Thai AirAsia lays off staff, adding further pressure to aviation industry

Date:

Thai AirAsia has announced substantial layoffs, due to the impact of the pandemic.  It is also adjusting it’s fleet size to create cost savings.

Tassapon Bijleveld made the announcement to employees at an internal meeting, outlining that staff and fleet reductions were necessary to maintain long term financial stability.  Regardless of the recent Nov 1 reopening of the country, major headwinds were still challenging the aviation sector.

The Bangkok Post reported that Mr Tassapon had stated at the internal meeting.”Even though we’ve negotiated with suppliers and banks to help offload aircraft leasing costs, and we may get additional liquidity after restructuring this month, our balance sheet cannot be strong enough if those expenses still run. We have to permanently cut the fleet for at least two years or until international and domestic flights fully recover,” Mr Tassapon said at the internal meeting.

The aircraft fleet has been cut from 60 to 54 as international routes are still limited due to some countries still being close due to the pandemic.  Although Mr Tassapon does feel that the company’s financial performance has ebbed to its lowest, with a bottoming out of the curve and the forecast for a fully recovered domestic market by mid 2022.

“It’s hurtful to take such a decision, but it’s based on reality which we cannot answer as to when the situation will improve. We have to wait until revenue from international routes comes back and that will depend on the entry regulations of Thailand and overseas destinations,” said Mr Tassapon.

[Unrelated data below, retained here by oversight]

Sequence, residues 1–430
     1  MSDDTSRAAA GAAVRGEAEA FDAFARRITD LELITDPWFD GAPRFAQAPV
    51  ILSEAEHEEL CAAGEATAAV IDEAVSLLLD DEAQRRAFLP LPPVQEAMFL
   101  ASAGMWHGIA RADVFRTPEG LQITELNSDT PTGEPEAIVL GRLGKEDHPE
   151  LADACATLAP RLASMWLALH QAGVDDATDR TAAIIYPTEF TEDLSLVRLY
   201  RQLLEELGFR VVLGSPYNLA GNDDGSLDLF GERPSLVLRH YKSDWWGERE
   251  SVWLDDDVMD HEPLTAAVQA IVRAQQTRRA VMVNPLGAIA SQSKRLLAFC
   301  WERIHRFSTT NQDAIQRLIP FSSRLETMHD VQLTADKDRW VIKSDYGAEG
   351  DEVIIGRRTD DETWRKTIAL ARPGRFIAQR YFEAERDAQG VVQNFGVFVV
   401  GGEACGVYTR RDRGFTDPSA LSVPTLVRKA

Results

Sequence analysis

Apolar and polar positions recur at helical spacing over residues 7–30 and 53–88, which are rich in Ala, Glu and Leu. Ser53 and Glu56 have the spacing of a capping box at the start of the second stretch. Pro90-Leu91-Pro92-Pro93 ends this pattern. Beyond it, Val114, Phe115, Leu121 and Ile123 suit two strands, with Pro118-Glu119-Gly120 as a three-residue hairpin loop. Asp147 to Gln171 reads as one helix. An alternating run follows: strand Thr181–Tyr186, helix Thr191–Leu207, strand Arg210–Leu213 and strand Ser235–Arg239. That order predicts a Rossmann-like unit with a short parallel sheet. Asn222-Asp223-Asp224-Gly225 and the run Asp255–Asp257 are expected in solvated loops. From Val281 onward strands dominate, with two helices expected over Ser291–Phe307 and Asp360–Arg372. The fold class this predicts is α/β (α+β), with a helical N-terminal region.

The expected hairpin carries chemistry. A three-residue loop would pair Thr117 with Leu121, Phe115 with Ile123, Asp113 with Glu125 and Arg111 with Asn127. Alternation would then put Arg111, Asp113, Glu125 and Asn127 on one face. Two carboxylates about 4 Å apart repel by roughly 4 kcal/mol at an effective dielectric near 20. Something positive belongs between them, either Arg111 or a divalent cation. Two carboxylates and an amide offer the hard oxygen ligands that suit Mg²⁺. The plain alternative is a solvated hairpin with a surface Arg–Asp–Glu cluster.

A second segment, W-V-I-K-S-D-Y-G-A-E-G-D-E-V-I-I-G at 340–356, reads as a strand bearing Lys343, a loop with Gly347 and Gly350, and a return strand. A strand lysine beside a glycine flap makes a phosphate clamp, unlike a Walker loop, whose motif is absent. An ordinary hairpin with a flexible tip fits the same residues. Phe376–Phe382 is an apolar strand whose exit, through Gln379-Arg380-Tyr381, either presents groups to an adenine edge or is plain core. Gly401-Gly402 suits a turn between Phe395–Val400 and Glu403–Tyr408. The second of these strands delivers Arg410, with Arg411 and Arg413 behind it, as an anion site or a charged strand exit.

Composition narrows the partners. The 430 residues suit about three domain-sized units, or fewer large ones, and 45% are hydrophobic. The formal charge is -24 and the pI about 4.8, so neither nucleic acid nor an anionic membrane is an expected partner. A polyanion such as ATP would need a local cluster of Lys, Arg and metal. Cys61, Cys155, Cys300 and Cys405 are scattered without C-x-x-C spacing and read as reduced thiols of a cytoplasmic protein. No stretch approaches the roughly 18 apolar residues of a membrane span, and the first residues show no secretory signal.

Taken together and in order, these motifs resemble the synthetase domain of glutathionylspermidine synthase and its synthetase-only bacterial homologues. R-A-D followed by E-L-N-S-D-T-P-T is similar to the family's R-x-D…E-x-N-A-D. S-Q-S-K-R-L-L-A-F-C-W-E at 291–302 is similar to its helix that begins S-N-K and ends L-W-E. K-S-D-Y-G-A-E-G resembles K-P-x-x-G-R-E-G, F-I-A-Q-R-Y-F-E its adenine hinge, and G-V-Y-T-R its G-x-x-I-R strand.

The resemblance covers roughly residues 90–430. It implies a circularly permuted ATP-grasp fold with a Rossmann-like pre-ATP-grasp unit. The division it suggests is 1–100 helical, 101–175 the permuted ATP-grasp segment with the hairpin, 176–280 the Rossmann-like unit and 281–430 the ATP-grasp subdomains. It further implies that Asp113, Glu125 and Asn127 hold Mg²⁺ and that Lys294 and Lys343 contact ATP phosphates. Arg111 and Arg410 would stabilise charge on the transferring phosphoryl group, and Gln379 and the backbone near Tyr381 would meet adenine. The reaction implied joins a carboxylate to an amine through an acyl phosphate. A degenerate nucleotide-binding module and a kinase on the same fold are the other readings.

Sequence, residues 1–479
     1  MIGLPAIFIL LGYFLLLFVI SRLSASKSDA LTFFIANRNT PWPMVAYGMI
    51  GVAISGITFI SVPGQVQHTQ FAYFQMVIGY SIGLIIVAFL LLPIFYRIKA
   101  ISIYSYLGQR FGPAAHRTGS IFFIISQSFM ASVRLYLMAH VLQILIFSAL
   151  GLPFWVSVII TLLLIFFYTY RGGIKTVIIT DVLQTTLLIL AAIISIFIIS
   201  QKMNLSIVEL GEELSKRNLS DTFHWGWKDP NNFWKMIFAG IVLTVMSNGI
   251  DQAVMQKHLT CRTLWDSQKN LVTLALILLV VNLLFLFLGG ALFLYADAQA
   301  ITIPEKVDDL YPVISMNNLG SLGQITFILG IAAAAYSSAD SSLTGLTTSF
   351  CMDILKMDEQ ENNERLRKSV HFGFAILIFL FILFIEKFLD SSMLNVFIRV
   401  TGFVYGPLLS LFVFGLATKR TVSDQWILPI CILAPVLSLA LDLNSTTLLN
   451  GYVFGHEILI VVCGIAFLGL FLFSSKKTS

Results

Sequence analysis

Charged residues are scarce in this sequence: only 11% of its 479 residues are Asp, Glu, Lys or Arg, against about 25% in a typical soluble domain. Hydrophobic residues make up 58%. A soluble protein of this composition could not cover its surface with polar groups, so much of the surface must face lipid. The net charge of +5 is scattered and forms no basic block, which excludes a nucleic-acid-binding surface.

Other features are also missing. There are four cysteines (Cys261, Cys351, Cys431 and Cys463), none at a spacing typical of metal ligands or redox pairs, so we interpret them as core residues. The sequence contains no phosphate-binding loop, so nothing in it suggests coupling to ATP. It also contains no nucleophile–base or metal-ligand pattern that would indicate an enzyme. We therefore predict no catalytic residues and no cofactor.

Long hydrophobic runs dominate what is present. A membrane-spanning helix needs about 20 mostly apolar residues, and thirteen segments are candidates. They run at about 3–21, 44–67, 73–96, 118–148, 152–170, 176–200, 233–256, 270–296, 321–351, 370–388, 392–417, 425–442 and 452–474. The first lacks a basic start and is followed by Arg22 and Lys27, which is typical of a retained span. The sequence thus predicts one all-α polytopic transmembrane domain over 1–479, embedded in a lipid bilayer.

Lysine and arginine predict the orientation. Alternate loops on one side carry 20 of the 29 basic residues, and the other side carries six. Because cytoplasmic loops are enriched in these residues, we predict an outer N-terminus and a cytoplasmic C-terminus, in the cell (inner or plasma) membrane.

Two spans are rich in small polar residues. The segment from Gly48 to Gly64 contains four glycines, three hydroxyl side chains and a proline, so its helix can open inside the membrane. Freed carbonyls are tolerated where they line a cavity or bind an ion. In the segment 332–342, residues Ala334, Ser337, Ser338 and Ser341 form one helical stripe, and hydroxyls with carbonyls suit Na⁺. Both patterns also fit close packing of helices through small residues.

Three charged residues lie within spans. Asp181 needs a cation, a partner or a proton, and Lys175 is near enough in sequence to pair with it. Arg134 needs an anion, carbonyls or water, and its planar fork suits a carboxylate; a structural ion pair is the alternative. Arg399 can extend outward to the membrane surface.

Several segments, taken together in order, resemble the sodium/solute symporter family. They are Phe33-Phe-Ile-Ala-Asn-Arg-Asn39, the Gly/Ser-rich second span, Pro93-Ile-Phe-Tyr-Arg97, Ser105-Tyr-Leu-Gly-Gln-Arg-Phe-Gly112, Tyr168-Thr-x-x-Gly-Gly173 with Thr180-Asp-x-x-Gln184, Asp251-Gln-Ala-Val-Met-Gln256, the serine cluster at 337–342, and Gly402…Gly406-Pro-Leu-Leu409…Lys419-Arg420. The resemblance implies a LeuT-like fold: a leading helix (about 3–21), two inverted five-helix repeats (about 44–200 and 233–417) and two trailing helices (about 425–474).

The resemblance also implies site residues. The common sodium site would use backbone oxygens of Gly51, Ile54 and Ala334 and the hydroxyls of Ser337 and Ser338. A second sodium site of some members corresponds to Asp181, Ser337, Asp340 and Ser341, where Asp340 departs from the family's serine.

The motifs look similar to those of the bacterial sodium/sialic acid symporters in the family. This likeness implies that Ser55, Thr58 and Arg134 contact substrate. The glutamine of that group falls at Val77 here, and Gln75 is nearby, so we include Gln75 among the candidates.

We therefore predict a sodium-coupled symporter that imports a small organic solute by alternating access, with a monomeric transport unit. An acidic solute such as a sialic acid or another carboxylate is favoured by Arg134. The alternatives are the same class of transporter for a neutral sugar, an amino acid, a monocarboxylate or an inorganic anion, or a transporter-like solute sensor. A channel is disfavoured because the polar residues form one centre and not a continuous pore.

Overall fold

It was only in late May 2020 that the chief of the airline was openly considering merging with another low cost airlines, as it’s “”fortune was hanging in the balance”.  During the lockdown TAA was burning about 1.2 billion baht per month, straining the financial resources of the company up until this date, and adding to the overall debt burden that has necessitated the recent substantial lay offs.

At the time Mr Tassapon opined that even though Thailand has seven LCCs, three operators are sufficient for the competition in this market.  With the AirAsia Group under simliar financial pressure, few options are available to bail out Thai AirAsia.   The Thai government has been approached for assistance by the aviation industry, with TAA and six other airlines in the country submitting a proposal to the government in April 2020,

In the proposal they asked for soft loans to avoid job losses that would affect 20,000 employees following the impact of the first nationwide lockdown at the beginning of the COVID pandemic.  However for Thai Asia Asia’s case, they currently have not received assistance from the Export-Import Bank of Thailand (Exim Bank), which has the responsibility to look after airlines.

With the current challenges in consideration, TAA has committed to assessing the situation every 2 months, with further deliberations on the retrenchments to come.  Currently TAA is holding out hope for a restructuring plan to be passed at a November 26 meeting, if passed, it stands to deliver additional funds of 14 billion baht from new investors.

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